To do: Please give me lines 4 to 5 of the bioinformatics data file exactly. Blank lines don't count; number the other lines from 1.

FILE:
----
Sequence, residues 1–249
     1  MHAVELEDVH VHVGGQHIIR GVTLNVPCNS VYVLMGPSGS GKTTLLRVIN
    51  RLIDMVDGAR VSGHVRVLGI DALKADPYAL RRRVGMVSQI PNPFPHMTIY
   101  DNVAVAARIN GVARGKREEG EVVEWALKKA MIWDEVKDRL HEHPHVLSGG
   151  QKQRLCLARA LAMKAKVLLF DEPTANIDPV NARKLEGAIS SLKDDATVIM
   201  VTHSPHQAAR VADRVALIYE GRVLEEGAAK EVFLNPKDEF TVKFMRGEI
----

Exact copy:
   101  DNVAVAARIN GVARGKREEG EVVEWALKKA MIWDEVKDRL HEHPHVLSGG
   151  QKQRLCLARA LAMKAKVLLF DEPTANIDPV NARKLEGAIS SLKDDATVIM